Tree-lined road (I love the green!)
Cows. Baby cows (yes, I know they're calves, but I can't seem to think of them as anything but baby cows) were everywhere on this trip, and so cute! I kept pointing them out to everyone in the car (at first the boys cared, but after a while their 'wow!'s became somewhat insincere). As we drove home to Utah at the end of the week, Sam asked me if I was "baby-cowed-out," to which I replied, "Never, never!"
A couple of the bulb farms have display gardens and stores, etc. that you can stop at. This one (Roozengaarde) was so lovely--pretty little paths to wander through, and so many varieties of flowers! Seeing these boys you would think it was below freezing outside. It was actually a lovely warm day and all normal people were in short sleeves or light sweaters. But they were pretending to be robots, which meant hoods on, apparently.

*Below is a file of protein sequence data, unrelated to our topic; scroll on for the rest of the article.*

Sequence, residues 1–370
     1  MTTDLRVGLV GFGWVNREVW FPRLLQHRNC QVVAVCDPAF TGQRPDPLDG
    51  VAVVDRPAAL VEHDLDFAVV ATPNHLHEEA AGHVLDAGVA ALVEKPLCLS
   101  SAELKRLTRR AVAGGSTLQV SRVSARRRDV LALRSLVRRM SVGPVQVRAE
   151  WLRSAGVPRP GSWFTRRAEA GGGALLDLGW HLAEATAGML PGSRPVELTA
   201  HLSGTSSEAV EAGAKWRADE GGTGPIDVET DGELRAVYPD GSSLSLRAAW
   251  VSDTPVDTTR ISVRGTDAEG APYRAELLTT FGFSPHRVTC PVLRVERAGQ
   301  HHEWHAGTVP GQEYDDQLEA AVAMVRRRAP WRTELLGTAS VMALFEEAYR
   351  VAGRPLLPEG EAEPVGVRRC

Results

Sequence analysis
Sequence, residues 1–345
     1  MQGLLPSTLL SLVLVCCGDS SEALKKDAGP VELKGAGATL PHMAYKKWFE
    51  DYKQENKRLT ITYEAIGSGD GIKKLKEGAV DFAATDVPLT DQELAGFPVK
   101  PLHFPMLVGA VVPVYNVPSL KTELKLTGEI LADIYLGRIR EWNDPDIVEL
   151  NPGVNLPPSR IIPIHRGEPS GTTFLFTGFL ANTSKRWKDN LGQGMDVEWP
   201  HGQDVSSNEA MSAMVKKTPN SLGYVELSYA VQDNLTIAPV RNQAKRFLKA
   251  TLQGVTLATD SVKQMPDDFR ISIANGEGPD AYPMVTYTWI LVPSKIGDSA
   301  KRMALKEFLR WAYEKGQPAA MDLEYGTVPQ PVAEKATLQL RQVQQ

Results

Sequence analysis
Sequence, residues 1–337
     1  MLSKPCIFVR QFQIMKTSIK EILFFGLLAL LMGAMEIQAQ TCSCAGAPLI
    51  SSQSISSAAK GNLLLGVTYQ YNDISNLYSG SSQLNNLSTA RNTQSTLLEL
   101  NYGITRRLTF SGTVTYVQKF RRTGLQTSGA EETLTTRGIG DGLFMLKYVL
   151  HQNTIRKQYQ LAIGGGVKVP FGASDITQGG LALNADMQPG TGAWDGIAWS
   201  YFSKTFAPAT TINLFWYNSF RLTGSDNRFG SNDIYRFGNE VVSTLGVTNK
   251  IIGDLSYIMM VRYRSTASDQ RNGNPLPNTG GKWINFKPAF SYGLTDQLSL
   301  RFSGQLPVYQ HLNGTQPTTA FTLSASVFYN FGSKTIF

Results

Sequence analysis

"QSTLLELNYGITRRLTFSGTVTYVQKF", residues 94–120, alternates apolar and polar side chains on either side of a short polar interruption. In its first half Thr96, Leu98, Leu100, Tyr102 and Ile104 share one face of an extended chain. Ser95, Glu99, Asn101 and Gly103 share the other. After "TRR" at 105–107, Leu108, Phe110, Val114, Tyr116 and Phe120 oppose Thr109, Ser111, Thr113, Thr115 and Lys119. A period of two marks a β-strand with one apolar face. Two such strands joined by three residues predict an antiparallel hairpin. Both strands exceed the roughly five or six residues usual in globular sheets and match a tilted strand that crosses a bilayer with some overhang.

Hyacinths. The scent right here was heavenly.
So you could see the tulips were starting to show a tiny bit of color, almost ready to bloom. Next week they are going to be gorgeous, I bet. (There are some beautiful pictures here. Some of these must have been taken the same day we were there; I recognize the clouds. Looks like the tulips are starting to come out now---I wish we could go back, because I'd love to see the tulip fields too.) But I wasn't too sad to miss them, because the whole reason I wanted to go to this area was . . .